Anti Microbial Drugs

Antibiotics, also called antibacterials, are a type of antimicrobial drug used in the treatment and prevention of bacterial infections.They may either kill or inhibit the growth of bacteria. A limited number of antibiotics also possess antiprotozoal activity. Antibiotics are not effective against viruses such as the common cold or influenza; drugs which inhibit viruses are termed antiviral drugs .

Sometimes the term antibiotic is used to refer to any substance used against microbes, Some sources distinguish between antibacterial and antibiotic; antibacterials are used in soaps and disinfectants, while antibiotics are used as medicine.

Antibiotics revolutionized medicine in the 20th century with vaccination, antibiotics have led to the near eradication of diseases such as tuberculosis in the developed world. However, their effectiveness and easy access have also led to their overuse, prompting bacteria to develop resistance.This has led to widespread problems, so much as to prompt the World Health Organization to classify antimicrobial resistance as a “serious threat is no longer a prediction for the future, it is happening right now in every region of the world and has the potential to affect anyone, of any age, in any country”.

The first antibiotic used by humans was penicillin, and it was discovered quite by accident. A bacteriologist named Alexander Fleming had been studying bacteria in Petri dishes. He left for vacation and did what many of us do in our own homes: left his used dishes sitting in the sink. Most of the Petri dishes were stacked in a tub of Lysol disinfectant to be cleaned later, but a few remained above the liquid.

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When Fleming returned from vacation, the Petri dishes of bacteria were, of course, still piled in the sink. As he trudged over to begin the task of cleaning, he noticed something unusual. Mold had grown in some of the Petri dishes that had not been submerged in Lysol. In those dishes with mold, the bacteria was dying. It was clear that this mold, which was found to be the fungus Penicillium, inhibited and killed the bacteria. This would prove to be one of the most crucial breakthroughs of modern medicine.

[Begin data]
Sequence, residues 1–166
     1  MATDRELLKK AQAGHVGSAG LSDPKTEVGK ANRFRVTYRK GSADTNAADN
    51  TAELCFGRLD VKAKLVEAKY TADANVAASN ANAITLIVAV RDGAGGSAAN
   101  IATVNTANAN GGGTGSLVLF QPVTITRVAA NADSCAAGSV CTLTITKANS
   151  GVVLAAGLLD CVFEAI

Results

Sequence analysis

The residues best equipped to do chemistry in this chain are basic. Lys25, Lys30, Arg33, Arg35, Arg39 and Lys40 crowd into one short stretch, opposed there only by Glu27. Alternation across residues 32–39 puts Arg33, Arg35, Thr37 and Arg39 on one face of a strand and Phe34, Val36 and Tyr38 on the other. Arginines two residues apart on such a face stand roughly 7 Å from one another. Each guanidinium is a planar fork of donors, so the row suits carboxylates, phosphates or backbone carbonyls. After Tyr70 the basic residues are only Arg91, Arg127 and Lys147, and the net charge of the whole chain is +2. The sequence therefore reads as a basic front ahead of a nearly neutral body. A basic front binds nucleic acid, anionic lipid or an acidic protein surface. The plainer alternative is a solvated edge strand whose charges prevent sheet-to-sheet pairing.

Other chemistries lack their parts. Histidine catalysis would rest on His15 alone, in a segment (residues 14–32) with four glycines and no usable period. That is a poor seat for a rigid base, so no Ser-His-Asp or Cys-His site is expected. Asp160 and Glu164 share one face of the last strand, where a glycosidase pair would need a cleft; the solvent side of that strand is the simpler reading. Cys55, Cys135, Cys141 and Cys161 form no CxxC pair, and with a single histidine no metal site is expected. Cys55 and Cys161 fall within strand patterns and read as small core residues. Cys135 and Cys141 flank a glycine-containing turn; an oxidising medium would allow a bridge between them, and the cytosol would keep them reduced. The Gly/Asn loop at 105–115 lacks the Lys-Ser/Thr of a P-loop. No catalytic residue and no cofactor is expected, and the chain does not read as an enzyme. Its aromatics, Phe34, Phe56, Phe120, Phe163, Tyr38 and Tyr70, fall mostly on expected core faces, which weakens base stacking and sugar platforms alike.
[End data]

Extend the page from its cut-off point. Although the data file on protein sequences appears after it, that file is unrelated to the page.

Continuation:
How Do Antibiotics Works

An, antibiotics are medicines created to fight infection caused by bacteria. The word antibiotic literally means ‘against life.’ The goal is to kill or stop growth of these tiny infection-causing organisms, known as pathogens.Certain fungi are active in fighting infection. But there is another type of microbe that is commonly utilized in antibiotics, and it just so happens that often times, the component in an antibiotic that straps on its boxing gloves to fight off infection is actually another type of bacteria. This type of bacteria is usually found in soil, and examples include Streptomyces and Bacillus Antibiotics are designed to target the pathogens that are making us sick, killing them or stopping their growth. It is microbe against microbe, a battle to the death. But, how do the active components of antibiotics know which cells in our body to attack? In other words, how do they tell bacterial cells and human cells apart? Well, there are many different types of antibiotics, and they attack different kinds of cells in different ways.

Types of Antibiotics

A great deal of scientific research has brought about many different types of antibiotics. They often stem from just a few different drugs and are classified based on how they act on pathogens.

One class of antibiotics called beta-lactam zeroes in on a structure unique to bacterial cells. Their main tactic is to target the cell wall, which holds the cell together. Just like a water balloon would certainly break apart if part of the balloon were missing, the same goes for the bacterial cell. As the bacteria builds its cell wall, the components in the antibiotic step in to disrupt this process. Unable to stay intact, the infectious bacteria bursts. Penicillin is an example of an antibiotic that works in this fashion.

Another class of antibiotics called macrolides work by stopping the synthesis of protein by the bacteria. Every cell needs proteins to do work. In this case, the macrolides make it impossible for the proteins in the bacteria to be created. It’s like disabling part of the machinery that helps the bacteria work. Without the protein, the bacteria dies.

Still another type of antibiotics called quinolones work by messing up the process of DNA replication in bacteria. Bacteria colonies reproduce and grow by first replicating their genetic information, or DNA. When the bacterial cells attempt to replicate and make a new strand of DNA, quinolones work by breaking the DNA strands. It’s like someone knitting the first strand of a scarf, and someone else snipping it before it’s finished. Without intact DNA, the bacteria cannot successfully reproduce, and thus, the colony is extinguished.

One more interesting note about antibiotics. You may already know that they are not prescribed for viruses, such as the flu or common cold. But why is this? Viruses are fascinating organisms. What distinguishes them from other microorganisms is the fact that they are not technically alive. You can liken a virus to a zombie. It is essentially a shell that acts like a living creature, but it is not made of cells and has no metabolism. Therefore, there is no way f

By : – Dr. Rashmi Dhingra

Principal

Uttaranchal (P.G.) College of Biomedical Sciences and Hospital,